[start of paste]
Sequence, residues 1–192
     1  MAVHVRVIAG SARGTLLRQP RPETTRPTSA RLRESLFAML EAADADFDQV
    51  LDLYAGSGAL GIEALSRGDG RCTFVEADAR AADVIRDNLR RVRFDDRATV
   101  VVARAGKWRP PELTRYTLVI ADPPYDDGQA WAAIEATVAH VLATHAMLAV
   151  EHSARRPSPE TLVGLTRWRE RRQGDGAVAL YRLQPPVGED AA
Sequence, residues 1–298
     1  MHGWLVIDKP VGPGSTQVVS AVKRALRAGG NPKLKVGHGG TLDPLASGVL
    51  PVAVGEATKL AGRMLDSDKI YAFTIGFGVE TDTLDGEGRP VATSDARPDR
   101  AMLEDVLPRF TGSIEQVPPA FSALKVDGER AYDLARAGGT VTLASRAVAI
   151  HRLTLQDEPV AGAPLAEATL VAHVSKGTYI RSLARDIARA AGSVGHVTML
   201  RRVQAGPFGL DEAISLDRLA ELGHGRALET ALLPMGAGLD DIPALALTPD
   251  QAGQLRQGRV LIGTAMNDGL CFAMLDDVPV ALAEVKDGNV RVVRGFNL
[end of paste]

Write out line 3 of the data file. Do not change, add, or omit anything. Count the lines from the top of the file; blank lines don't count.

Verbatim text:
    51  LDLYAGSGAL GIEALSRGDG RCTFVEADAR AADVIRDNLR RVRFDDRATV